I have a few Central Park species that I should have caught up with by now. One is the Pine Siskin, which I saw today, so I can finally cross it off my list! About ten were at the Evodia field feeders early this afternoon.
The oven is a cove on the Lake of Central Park. It attracts a good number of birds during each season, including the winter.
Today, there were a number of birds, including a Red-tailed Hawk, a Hermit Thrush, numerous Northern Cardinals, numerous Tufted Titmice, and a Cooper's Hawk that has been roosting in the same location nearby since at least early January.
I had gone out in search of two birds that I didn't have on my Central Park list, the White-winged Crossbill and the Pine Siskin, but ended up with completely different bird for my list, the American Tree Sparrow this afternoon.
I'm back in New York and finally had a chance to visit Central Park today. Here are a few pictures of a young Red-tailed hawk taking a drink of water at one of the few ice free areas of the Lake today.
A large portion of St. John is a national park. The Reef Bay Trail in the park has been rated one of the ten best trails in the Caribbean. It's a great deal of fun when you go on a guided Park Ranger tour. The Park Service arranges for transportation to the top of the trail, provides a guide to the bottom of the trail and arranges for a boat to pick you up at the bottom! No walking back uphill!
I spent an extended Martin Luther King, Jr. holiday weekend on St. John in the U.S. Virgin Islands. While there I did some birding. A new life bird for me was the Magnificent Frigatebird. The males are all black, the females have a white chest, and the immature birds have a white head and chest.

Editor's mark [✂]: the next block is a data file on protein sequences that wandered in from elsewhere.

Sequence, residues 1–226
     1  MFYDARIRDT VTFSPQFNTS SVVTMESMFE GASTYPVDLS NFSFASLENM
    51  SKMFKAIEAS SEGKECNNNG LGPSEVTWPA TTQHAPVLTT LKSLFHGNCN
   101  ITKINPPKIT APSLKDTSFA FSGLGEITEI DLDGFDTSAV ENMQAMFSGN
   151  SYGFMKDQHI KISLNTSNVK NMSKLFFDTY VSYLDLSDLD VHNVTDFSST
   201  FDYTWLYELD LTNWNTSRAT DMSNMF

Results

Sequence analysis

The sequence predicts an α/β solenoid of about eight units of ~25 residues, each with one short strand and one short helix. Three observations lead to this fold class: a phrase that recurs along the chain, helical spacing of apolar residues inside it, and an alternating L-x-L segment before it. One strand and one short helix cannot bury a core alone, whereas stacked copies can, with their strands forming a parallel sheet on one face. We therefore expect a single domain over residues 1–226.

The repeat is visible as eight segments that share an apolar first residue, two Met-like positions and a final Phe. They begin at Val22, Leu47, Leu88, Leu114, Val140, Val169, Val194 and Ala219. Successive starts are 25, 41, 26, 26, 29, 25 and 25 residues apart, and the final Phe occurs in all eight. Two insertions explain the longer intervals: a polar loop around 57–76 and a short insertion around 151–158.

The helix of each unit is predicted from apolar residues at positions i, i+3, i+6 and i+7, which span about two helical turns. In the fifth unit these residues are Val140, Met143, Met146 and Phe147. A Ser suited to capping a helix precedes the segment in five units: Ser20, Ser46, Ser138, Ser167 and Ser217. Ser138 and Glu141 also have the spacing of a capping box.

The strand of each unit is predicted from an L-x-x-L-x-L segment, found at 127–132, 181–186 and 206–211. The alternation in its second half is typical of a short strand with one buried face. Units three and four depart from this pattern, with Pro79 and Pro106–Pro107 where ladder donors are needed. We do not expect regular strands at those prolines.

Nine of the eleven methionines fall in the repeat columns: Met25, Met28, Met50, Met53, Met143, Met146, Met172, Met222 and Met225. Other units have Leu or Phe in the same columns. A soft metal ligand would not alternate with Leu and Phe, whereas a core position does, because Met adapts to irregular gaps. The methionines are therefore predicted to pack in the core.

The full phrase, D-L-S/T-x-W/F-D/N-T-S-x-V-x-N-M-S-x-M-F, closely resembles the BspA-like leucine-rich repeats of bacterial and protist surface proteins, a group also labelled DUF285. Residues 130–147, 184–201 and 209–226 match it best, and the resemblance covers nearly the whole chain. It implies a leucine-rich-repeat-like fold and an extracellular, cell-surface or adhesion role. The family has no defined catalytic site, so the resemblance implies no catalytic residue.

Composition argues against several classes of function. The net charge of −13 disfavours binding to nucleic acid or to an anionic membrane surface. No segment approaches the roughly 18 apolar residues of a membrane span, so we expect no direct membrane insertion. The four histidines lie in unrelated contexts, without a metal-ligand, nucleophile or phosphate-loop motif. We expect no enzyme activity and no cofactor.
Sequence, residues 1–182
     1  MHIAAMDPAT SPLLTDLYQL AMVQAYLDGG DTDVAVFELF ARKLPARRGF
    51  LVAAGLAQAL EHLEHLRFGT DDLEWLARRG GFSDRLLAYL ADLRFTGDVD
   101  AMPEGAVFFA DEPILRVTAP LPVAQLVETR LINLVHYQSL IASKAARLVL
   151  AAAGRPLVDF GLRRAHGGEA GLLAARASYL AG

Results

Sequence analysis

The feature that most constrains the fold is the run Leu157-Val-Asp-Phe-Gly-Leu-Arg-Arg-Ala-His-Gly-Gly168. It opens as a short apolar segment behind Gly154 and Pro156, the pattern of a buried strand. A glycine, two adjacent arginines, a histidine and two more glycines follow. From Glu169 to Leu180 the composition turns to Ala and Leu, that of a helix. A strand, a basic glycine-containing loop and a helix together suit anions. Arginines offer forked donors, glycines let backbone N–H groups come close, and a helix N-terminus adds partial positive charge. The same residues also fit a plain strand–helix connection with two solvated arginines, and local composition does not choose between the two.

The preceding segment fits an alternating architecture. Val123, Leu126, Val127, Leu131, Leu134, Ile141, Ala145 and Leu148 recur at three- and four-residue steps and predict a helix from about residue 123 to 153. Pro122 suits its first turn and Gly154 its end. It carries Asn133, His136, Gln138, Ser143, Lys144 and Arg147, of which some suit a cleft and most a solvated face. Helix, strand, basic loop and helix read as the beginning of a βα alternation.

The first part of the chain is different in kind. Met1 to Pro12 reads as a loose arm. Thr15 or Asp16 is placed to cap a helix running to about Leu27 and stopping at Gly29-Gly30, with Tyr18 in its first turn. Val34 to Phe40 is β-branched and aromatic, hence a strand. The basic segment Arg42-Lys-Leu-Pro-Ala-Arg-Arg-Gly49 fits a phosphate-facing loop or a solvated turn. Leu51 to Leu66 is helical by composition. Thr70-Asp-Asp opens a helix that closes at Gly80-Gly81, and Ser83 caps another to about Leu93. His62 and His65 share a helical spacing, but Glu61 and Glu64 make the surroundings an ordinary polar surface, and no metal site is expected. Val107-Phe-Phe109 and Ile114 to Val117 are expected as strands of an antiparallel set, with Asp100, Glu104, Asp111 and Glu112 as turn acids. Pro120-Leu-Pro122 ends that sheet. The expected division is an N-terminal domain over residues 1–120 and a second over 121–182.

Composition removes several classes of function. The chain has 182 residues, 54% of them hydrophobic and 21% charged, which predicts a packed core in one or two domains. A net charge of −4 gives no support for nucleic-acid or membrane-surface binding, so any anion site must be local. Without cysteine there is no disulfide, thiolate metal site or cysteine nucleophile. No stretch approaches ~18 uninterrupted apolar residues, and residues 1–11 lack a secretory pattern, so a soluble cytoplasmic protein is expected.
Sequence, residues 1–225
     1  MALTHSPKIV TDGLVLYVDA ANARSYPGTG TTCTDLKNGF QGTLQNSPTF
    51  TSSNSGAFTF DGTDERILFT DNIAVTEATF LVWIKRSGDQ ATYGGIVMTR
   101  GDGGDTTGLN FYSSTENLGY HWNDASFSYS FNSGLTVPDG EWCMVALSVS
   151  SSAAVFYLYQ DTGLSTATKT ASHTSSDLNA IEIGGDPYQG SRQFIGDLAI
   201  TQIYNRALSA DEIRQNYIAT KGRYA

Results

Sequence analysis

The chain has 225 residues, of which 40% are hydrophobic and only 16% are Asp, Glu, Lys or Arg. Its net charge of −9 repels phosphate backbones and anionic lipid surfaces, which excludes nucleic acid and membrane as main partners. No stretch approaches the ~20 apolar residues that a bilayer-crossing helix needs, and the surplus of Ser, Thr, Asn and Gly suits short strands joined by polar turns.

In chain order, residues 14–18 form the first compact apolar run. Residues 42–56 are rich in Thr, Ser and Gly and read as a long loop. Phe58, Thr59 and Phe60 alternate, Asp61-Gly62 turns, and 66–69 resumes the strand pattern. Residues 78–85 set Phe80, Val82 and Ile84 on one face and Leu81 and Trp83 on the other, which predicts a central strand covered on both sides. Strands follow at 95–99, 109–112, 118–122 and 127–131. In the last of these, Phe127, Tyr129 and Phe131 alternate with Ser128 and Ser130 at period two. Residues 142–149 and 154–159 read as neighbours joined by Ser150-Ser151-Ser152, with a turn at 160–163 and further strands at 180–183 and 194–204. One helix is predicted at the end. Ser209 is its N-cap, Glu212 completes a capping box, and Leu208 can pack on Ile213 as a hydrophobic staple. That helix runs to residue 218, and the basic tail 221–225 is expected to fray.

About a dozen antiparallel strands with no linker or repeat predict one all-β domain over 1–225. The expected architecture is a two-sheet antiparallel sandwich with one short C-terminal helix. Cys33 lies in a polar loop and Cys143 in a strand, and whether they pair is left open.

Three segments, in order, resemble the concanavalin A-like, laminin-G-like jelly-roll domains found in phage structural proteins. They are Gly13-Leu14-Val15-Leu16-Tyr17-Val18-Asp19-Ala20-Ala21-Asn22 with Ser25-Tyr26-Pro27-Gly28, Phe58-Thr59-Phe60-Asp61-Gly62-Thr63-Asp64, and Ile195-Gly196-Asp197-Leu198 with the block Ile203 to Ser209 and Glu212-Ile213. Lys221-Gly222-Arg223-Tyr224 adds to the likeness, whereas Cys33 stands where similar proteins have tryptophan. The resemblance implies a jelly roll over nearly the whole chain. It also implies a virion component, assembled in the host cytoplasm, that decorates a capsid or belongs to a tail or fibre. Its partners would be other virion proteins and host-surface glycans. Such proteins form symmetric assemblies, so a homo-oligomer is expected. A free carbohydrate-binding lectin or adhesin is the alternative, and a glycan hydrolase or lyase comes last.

On Sunday, I spent the late afternoon looking for Long-eared Owls without success. But I did run into a few hawks.
On the Beresford Apartments, was Pale Male in the oval window, and Lola soaking up the sun on a south facing ledge.
This young hawk was in the Ramble making its way between the official and the not so official bird feeders looking for customers to eat.
This Sharp-shinned Hawk, with prey in talons, was being chased by a Red-tailed Hawk near 69th Street and the West Drive. The Sharp-shinned Hawk evaded the Red-tail and got away with its prey. Everything happened too fast for me to capture the action, but it reminded me that winter is the time to see lots of raptors in New York City.
A Long-eared Owl ended up being found in a very unlikely place in Central Park on Saturday, during a snow storm. The bird was in a small tree at the edge of the Reservoir. A kind Central Park birder, who's name is unfortunately just on the tip of my tongue, walked 10 blocks in the storm to show me the bird! Thank you.
This season has had a number of Long-eared Owls, who only seem to be staying for a day or two. Let's hope one or two of them end up staying a little while longer this winter.
While down in the Everglades, I had a nice view of two White Ibises eating for about half an hour. I never realized what a hard time an Ibis would have eating a long worm. It was a struggle, as the worm did all it could not to be dinner.
I finally made it to over 200 life birds today, with the 200th being a Bald Eagle and the 201st being a Common Merganser. The pictures weren't that good today, but I'm having fun expanding my range outside of Central Park.
Red-Shouldered Hawks are rare visitors to Central Park, so it was a pleasure to see them in the Everglades over my Christmas/New Year's break while visiting Florida.
The first four photographs are of a juvenile bird, then some of two adults. The last two are of an attack on an egret by a Red-shouldered Hawk at the Shark Valley Visitor's Center. (I was the only one among about 30 visitors who noticed the attack. I guess people being unaware of nature isn't only limited to the city!)
Central Park's Wild Turkey is doing just fine. Wild Turkeys have done well in other Manhattan parks, including Morningside Park and Battery Park, so there is no reason to worry about this bird. Yes, there are risks for the bird, but are they any greater than the risks in suburban or rural area of New York state?
The uppertail coverts seem much more pronounced than in the late fall.